1134 GMT: Nuclear Watch. State news agency IRNA reports that the deputy heads of the Iranian and 5+1 (US, UK, France, Germany, China, Russia) nuclear negotiating teams will meet in Istanbul on Tuesday.
It will be the second meeting between Iran's Ali Bagheri and the European Union's Helga Schmid since the stalemated talks between the two sides in Moscow on 17-18 June. No further top-level discussions have been scheduled.
1131 GMT: Strait Watch. Alireza Tangsiri, a deputy naval commander in the Revolutionary Guards, has downplayed the threat to block the vital waterway of the Strait of Hormuz: "The enemies constantly state that the Islamic Republic of Iran intends to close the Strait of Hormuz but we say that common sense does not dictate that Iran would close the Strait of Hormuz as long as it makes use of it."
1005 GMT: All-Is-Well Alert (Syrian Front). An "analysis" by Mehdi Mohammadi, the political editor of Keyhan --- published in Iran Review and promoted by the US-based Race for Iran, props up Foreign Minister Ali Akbar Salehi's declaration that "all is normal" in Damascus:
The body of the existing evidence shows that during past days, as most locations in Syria were relatively calm and clashes in Syria were focused on the capital city, the Syrian army has had a remarkable upper hand. The recent suicide attack targeting the Syrian National Security Council in Damascus was exactly a direct result of the fact that the opposition has found itself in more dire straits that it originally expected. At any rate, it is beyond any doubt that Damascus is the last stop for the armed opposition. The government’s capacity to deal with such armed attacks has greatly increased due to three major reasons. Firstly, the true nature of the opposition has been revealed for the ordinary people. Secondly, people are backing the government stronger than before. And thirdly, the main figures of the opposition are now concentrated in a small geographical expanse....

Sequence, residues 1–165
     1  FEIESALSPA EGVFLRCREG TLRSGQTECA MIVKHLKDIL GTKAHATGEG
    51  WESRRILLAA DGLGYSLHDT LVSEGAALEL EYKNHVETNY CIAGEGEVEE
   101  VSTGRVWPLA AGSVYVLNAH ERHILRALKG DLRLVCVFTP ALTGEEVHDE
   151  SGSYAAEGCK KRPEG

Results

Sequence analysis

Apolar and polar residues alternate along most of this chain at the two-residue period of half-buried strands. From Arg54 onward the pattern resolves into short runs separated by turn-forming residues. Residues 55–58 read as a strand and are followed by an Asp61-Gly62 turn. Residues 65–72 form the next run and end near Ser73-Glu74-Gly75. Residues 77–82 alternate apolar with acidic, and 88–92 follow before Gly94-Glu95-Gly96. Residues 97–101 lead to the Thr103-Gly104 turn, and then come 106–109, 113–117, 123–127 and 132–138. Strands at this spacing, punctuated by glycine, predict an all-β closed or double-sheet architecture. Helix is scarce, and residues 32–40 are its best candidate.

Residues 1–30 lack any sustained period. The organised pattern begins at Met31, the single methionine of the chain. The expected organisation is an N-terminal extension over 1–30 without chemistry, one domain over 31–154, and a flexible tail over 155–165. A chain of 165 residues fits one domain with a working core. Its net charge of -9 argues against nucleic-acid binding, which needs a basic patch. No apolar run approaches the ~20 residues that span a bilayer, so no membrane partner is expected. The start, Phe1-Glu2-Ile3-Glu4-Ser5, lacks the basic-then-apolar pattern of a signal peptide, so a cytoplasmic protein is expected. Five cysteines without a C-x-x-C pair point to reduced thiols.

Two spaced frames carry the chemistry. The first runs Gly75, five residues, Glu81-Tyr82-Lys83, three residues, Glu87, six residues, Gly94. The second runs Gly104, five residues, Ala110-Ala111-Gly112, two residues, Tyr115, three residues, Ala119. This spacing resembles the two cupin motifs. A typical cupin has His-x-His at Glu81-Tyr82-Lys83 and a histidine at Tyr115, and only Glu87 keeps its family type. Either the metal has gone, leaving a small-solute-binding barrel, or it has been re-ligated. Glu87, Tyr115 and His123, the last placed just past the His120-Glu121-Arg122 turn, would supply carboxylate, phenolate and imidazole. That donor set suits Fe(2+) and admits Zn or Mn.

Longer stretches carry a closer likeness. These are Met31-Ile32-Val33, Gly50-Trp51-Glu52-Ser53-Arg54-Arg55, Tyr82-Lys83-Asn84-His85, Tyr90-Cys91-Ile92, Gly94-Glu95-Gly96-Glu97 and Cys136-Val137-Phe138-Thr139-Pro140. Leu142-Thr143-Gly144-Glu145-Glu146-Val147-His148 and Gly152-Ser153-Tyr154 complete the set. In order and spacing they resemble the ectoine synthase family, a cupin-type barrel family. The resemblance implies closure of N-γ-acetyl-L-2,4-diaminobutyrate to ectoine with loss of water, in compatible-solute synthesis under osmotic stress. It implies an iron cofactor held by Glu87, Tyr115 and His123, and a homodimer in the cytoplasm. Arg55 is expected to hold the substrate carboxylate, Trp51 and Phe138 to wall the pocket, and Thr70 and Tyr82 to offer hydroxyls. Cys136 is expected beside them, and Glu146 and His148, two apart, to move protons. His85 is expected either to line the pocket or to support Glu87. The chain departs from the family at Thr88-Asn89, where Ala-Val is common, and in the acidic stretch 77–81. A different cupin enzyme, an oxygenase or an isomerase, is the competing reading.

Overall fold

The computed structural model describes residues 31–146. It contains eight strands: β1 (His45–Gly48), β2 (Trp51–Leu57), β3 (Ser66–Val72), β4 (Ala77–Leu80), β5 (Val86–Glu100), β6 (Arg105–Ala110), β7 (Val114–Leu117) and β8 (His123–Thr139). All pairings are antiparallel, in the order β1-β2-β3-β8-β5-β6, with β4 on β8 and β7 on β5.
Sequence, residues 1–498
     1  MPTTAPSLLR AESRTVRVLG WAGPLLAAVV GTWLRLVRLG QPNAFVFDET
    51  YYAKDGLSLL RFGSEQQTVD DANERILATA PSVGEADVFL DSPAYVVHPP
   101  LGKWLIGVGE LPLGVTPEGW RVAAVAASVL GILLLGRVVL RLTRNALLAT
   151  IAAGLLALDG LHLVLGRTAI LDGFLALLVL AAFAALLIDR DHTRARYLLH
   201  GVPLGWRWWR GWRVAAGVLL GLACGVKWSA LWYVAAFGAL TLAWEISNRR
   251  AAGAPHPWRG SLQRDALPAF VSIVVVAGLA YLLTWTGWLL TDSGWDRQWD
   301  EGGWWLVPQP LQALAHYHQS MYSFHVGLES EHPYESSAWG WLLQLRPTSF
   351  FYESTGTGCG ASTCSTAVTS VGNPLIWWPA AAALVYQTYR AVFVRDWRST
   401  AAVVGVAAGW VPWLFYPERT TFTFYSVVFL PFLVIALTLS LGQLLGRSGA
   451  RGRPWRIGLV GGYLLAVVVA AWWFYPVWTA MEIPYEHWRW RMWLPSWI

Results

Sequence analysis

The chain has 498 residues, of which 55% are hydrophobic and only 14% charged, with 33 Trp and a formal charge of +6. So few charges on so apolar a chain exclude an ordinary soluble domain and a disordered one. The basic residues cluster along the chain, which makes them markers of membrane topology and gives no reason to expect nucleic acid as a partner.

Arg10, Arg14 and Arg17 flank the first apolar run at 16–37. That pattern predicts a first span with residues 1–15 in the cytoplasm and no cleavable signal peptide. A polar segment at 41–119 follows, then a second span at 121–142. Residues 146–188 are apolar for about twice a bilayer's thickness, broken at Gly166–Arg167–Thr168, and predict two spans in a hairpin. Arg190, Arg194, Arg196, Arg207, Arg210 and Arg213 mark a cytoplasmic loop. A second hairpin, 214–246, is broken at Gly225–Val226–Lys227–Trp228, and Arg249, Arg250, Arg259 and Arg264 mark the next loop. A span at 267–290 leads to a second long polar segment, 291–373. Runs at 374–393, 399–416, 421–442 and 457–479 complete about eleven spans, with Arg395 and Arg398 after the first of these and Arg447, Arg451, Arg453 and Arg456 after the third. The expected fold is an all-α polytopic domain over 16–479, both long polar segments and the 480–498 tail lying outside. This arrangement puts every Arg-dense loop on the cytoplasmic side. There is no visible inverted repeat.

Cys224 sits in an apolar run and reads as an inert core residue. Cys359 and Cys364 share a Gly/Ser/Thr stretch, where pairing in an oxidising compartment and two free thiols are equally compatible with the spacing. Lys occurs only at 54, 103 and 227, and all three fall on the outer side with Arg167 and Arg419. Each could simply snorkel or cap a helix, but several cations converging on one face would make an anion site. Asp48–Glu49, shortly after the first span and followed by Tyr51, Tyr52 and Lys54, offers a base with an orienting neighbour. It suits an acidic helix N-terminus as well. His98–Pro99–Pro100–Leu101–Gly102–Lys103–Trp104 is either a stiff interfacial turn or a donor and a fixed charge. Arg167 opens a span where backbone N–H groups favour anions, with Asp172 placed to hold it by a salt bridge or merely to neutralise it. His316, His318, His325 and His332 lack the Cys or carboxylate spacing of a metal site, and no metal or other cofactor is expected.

Despite what may seem on the surface, the strategic equation of the region as a result of the ongoing developments in Syria has by no means changed to the detriment of Iran.
Uskowi on Iran offers the significance, "Mohammadi's argument, as delusional as it might seem, is the most articulate posting of Iranian perspective on the current situation in Syria."
0815 GMT: Reformist Watch. In a lengthy interview with Rooz Online, opposition activist Mojtaba Vahedi explains his decision to end 30 years of co-operation with Mehdi Karroubi, the 2009 Presidential candidate who has been held under strict house arrest since February 2011, "While Mr. Karroubi wants an Islamic Republic, I believe that if a vote was taken, people no longer want such a regime."
Vahedi specifically challenged those reformists who advocate participation in next year's Presidential election:
As someone who has been a supporter of the Green Movement, and will continue to be, I believe that...the last presidential elections were rigged and that this government is not trustworthy of people’s vote and thus has no legitimacy to perform free elections.
There is no problem if anyone who wants to participate in the upcoming presidential elections, breaks away from the Green Movement. But if he wants to continue to be part of the Green Movement and at the same time remain affiliated with this regime, these election laws, and structure, then this is a deception.
The U.S.'s effort to wield economic pressure to influence Iranian leaders is having the unintended consequence of hurting Afghanistan, which relies on remittances from millions of migrants living in the country to its west.